A good book for chord system instruction for all keyboard players - Chord Piano is Fun by T.K. Gopforth

                                                                     - FOR NONACCORDIONIST


I am a two row diatonic player.  Self taught.  Play by ear - and compose by ear.  I do not know what notes I play or what keys I play in.  I just play.   Mostly European folk tunes and my own tunes.  Love diatonics!

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Kay, thanks for your post.  I'd be interested finding out about some of European Folk tunes you have learned to play and what on-line resources you might have used.  You are probably familiar with these sites, I have found them to be very useful.

Hi John,

Yes - I'm familiar with a couple of those - the first two..:-)  It was a long time ago when I began learning (teaching myself) and I used all kinds of different resources.  There weren't websites like that back then.  The Diato one was there - but not many others.  I ordered lots of books - the Trad series and many others - from The Button Box up in Massachusetts.  Back before they had a website even..<smile>  

When I first began to learn, I couldn't figure out tablature.  It didn't make sense to me.  I kind of quit for several months until I met someone online who told me how to read it - and then I sat down with an easy book and played a tune immediately, and I was so excited to have gotten it figured out.  Unfortunately - although I play piano by reading music - I never learned what the buttons are on my accordions (the notes)... so I played some with tablature, but then branched out to playing by ear.  I learned to listen over and over to tunes and then sit down to play them.  It was back with cassettes and I would put one tune on a 90 minute cassette over and over and listen to only that tune for weeks.... (mostly when driving to and from work) and then I would sit down and try to figure it out and that worked for me.  After that I began to compose, and I found that to be not too hard, and a lot of fun.  

I played with a piano accordion player on the streets of Austin for many years.  We weren't great, but we had a lot of fun and made decent money......not as many accordionists on the streets of Austin as there are guitar players..:-)

How are you doing with your learning?  Where are you at with it?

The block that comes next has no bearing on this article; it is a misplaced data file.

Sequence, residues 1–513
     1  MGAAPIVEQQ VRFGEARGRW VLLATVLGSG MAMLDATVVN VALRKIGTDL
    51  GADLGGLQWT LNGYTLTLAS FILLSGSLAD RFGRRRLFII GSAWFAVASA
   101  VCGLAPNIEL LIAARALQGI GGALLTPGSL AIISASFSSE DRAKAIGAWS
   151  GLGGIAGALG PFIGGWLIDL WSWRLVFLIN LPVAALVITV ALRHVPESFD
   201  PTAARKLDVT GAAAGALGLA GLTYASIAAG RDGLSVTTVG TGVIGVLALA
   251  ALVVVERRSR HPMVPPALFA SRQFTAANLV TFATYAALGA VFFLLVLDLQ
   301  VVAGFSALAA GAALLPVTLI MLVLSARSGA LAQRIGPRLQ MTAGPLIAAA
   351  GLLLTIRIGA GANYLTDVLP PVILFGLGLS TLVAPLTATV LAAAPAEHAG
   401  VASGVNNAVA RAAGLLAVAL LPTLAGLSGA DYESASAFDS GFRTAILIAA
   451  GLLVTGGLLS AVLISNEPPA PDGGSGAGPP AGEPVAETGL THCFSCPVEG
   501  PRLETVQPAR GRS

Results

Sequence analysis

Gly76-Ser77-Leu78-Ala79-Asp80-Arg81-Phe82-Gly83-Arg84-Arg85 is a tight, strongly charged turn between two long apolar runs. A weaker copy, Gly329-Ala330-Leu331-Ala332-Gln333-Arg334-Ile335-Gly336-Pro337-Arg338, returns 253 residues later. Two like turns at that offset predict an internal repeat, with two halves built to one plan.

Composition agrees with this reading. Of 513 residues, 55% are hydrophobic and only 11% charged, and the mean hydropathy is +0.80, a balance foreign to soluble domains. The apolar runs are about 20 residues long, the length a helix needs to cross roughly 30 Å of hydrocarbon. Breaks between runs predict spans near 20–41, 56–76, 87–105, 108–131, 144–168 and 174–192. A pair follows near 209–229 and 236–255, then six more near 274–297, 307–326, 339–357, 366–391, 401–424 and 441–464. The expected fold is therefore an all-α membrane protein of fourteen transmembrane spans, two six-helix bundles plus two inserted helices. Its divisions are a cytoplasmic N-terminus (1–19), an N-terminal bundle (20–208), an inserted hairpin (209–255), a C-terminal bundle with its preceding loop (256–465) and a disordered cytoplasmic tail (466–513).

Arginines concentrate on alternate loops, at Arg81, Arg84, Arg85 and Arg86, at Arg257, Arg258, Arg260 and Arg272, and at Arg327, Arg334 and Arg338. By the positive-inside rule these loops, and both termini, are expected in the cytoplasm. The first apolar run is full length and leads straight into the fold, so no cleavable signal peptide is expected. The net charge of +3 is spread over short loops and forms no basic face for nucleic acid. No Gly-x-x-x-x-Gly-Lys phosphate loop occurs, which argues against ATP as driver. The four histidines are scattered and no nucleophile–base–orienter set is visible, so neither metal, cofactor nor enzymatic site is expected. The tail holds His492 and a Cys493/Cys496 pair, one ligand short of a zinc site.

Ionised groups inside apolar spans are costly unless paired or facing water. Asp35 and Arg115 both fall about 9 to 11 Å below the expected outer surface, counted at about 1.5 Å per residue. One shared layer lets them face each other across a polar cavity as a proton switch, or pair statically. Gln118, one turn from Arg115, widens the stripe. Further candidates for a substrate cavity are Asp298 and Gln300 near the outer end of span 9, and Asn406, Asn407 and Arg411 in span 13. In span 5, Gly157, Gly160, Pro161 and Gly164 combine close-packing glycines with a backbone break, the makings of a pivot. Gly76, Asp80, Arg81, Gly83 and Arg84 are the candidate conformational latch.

Back around 1999  - when I was a beginner still - I began to invite Europeans that I met online (who play diatonics) to my house and I had company from many different countries, and they would bring their boxes and we would play a lot - and I would listen and watch.  That was probably what influenced me the most.  

Now I'm in Wichita Falls and there is no place to play and nobody to play with.  I play for me mostly now.

Oh - I have some info on playing on the web.  Go to  

Please let me know how you are doing with your music and playing.  What made you want to play a diatonic?  What is your favorite type of diatonic music?


Thanks for your comments Kay.  What a great story.  How intrepid you were to commit to learning an instrument so different from the piano.  It's encouraging to find out that with your prior musical experience you decided to learn to play your melodeon by ear.  I find that with my Saltarelle Parisienne 2 row it is easier for me to pick out tunes by ear because there are more options to plunk around with.  

I had never attempted to play anything until I was in my 67th year,and that was 5 years ago.  I learned to play a couple of hands-full of Cajun tunes somewhat respectably but the hardest part is not having been born into the culture, it takes me a good bit of time to get the tunes into my head.  That's the main reason I decided to put my L'Anse Grise box up for sale and go strictly with the Saltarelle. Ever since my undergraduate days I have loved the songs of Edith Piaf and related material from the French courses I took.  In addition, I find I can now work on some of the Croatian folk music I grew up with.  That stuff is in my head.

You asked what made me want to play, well in the Croatian enclave I grew up in I was surrounded with traditional Croatian Folk music.  It was in our family DNA.  My grandmother's brother was an incredible musician/teacher.  He was so influential in perpetuating the genre in the US. I just wish I had my epiphany earlier in life when he and my musician uncles were still around.  I am a world-class late bloomer.

I sure wish you were still in Leander; I would really like to meet you and maybe even see you busking on 6th Street.  Susan and I travel to our Colorado home twice a year and always stop at Starbucks for coffee. Maybe sometime we could meet there to chat a bit.  

Just for general info, here is another interesting site that is sort of a clearing house for European diatonic tunes:

Thanks also for your link to Streetsqueeze.  Lots of good info about your good friends.

Thank you for responding and for all you have shared.





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